Habak/Fractal split EP Two post-all-sorts-of-stuff bands from Tijuana, Fractal and Habak, both of whom excel at the gentle-rain-to-hail storm-to-rainbow-to-hail storm-repeat, real pretty cacophony that one expects/demands of any metal/crust with hyphens attached. But doing what’s expected of you isn’t remotely the same as living up to high expectations, and luckily both bands (with the attached high expectations based on being affiliated with my recently discussed at length fave, Morrow) do the latter. Habak, who came on my radar from their singer making a guest turn on Morrow’s The Quiet Earth, are on the neo/emocrust end of the spectrum. They perform the rage of the genre with that expected (tho still potent) vigor and they perform the genre’s delicate trappings with an uncommon delicacy. Their second track, “Nuestra condena es el colapso,” chugs along like a Titanic hitting every iceberg until the four minute and a half mark, when it suddenly accentuates a break from raging at being the vanguard of a collapsed civilization with some high lonesome plains guitar sighs that I've never before heard in a crust (or post-metal for that matter) song. The result is as moving as it is delightfully surprising. For Fractal’s part, the four piece (guitar, vox, bass, and cello) contributes a fifteen minute instrumental epic that rises through its lithe, Envy-esque movements, before resolving itself with an elegiac (and also nicely surprising) meditation of  tasteful and precise snare work, pulled and mournful cello melody, and decaying-into-ether guitar drone.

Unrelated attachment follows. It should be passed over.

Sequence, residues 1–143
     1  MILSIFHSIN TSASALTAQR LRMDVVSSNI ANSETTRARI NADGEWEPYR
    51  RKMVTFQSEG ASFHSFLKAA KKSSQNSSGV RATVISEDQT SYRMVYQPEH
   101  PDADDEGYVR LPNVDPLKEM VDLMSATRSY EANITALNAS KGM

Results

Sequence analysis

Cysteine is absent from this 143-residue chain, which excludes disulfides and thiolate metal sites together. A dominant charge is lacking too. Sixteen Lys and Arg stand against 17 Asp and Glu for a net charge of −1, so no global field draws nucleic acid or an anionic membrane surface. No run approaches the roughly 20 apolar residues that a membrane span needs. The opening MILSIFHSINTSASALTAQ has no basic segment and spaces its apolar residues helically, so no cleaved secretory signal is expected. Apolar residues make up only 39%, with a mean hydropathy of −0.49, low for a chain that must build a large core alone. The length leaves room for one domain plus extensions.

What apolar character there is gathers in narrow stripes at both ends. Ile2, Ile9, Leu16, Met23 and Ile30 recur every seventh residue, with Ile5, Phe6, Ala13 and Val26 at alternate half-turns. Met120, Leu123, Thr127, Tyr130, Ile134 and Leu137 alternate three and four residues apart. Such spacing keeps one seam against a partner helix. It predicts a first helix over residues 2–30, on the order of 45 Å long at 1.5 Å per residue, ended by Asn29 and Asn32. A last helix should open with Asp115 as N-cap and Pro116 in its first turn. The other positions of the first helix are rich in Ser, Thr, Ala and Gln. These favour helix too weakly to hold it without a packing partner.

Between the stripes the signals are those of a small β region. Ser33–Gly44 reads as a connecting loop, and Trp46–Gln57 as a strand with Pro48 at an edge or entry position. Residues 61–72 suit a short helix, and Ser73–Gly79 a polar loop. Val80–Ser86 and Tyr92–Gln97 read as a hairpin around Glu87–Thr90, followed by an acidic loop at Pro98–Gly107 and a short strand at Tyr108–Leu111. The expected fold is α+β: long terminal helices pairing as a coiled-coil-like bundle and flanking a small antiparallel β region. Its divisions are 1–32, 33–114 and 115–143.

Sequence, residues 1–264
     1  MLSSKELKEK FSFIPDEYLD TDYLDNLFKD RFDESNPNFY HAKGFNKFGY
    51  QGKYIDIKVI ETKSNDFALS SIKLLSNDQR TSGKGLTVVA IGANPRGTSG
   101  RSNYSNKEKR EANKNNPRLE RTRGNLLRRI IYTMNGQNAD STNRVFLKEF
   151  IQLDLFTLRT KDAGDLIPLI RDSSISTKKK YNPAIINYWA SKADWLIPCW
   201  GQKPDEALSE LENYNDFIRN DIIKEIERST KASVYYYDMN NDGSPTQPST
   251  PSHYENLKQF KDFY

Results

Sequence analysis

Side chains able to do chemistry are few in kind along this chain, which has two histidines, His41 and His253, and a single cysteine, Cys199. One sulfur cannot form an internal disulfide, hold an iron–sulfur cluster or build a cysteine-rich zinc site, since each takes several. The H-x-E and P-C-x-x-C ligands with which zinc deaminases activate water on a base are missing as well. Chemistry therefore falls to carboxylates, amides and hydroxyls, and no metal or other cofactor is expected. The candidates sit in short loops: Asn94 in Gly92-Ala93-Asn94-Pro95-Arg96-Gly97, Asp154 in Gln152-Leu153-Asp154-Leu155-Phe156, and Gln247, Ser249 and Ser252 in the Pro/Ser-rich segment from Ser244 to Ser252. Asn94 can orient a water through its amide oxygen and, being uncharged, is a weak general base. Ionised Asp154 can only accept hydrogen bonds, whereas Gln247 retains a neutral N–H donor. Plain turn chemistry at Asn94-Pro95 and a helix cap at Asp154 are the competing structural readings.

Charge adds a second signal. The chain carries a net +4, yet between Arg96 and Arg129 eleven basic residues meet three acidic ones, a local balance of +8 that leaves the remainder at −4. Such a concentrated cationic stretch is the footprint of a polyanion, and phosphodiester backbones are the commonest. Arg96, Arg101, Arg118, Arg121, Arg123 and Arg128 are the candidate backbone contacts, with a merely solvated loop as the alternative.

Soul Glo Diaspora Problems (Epitaph) Starting Diaspora Problems with a strum reminiscent of “Teenage Riot,” before proceeding to burn the entire city station down like it’s Soul Glo’s island to burn (piano island, burn), is a nice touch. And like The Blood Brothers, this album makes my shoulders coil into knots. In a way I really like. Like other beloved Philly malcontents (Nothing, Solarized, Sheer Mag, Moor Mother, and Clockcleaner come most immediately to mind), Soul Glo are artists doomed to go down fighting in an unwinnable slap fight with God and gentrification alike. And like those aforementioned bands, the way Soul Glo communicates their grievance is both concerning for their individual wellbeing and hella life affirming for the listener. And, like Clockcleaner performing a fifteen minute slothlike, seemingly interminable, version of the Negative Approach song, “Ready to Fight” (to a crowd impatiently waiting to see the headliners… Negative Approach), the comfort of, and any lazy expectations held by, the audience that shows up for Diaspora Problems is not Soul Glo’s priority.